Unidirectional many-to-many relationships in Grails, and how it could affect the batch performance decisively.

von Xuetao Li

Mapping business domains using GORM (Grails Object Relational Mapping) is in most cases straightforward and uncomplicated to implement.
The documented way to map many-to-many relationships in Grails is to define a hasMany on both sides of the relationship AND having a belongsTo on the owned side: [1]

class Fee {
    static hasMany = [foos:Foo]
    ...
}
class Foo {
    static hasMany = [fees:Fee]
    static belongsTo = Fee
    ...
}

The example given above demonstrates a bidirectional many-to-many association between Fee and Foo. Both sides of the relationship are holding references to the other side. This might be the most common use case.

What if you don't really need references from both sides, but only from one side (unidirectional)? Someone could ask - "Does it make sense to have unidirectional many-to-many? The references are per default lazy loaded and therefore seems to be harmless." - Not in a particular situation.

In a project that is in production since years we have batch jobs for persisting a large number of domain entities into the database. Thanks to the approaches introduced by Ted Naleid [2] the performance of the batches was fine. We are using the service method cleanUpGorm() at regular intervals to release memory usage by the hibernate session:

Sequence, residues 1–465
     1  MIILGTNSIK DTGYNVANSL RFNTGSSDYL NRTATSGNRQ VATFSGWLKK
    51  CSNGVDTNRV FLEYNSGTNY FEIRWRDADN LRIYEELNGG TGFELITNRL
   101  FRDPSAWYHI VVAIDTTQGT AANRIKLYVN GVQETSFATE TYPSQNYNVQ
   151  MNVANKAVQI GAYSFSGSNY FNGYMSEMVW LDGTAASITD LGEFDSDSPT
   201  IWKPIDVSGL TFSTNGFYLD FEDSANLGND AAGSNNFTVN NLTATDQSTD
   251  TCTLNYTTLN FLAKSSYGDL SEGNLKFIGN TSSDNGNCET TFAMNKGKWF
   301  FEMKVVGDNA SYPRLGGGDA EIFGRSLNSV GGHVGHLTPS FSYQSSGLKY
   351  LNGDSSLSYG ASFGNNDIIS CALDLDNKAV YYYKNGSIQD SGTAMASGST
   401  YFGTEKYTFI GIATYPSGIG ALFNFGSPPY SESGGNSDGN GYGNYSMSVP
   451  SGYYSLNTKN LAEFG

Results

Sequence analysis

def cleanUpGorm() {
    def session = sessionFactory.currentSession
    session.flush()
    session.clear()
    propertyInstanceMap.get().clear()
}

Consider the following situation: 

  • There is a many-to-many relationship between Fee and Foo
  • A Foo instance, let's say "foo-1" is referenced by 200,000 Fee instances
  • Batch has inserted some more Fee instances which are also referenced to "foo-1"

In this case, the call to session.clear() was taking minutes after the batch process has inserted 30 Fee instances. With such a performance the batch won't be finished within the time window. We used to have a much better performance and the problem must be fixed for the total changes on that branch to be released.

 
One of the solutions here is to have a unidirectional many-to-many relationship from Fee to Foo. The result in the giving situation was a performance boost up to 10x faster. The following example shows how to achieve it with GORM:
class Fee {
    static hasMany = [foos:Foo]
    ...
}
class Foo {
    static hasMany = [Fee]
    ...
}

Fee is the owning side and is responsable for persisting relationships. Foo is the owned side and do not have any references to Fee.

Conclusion

Unidirectional many-to-many relationships is supported by hibernate [3] and Grails.
The GORM keyword belongsTo is mandatory for bidirectional, but not for unidirectional many-to-many relationships.
To achieve a unidirectional many-to-many you should define a "hasMany" without references and without belongsTo on the owned side.

Kategorien: GORMGrails

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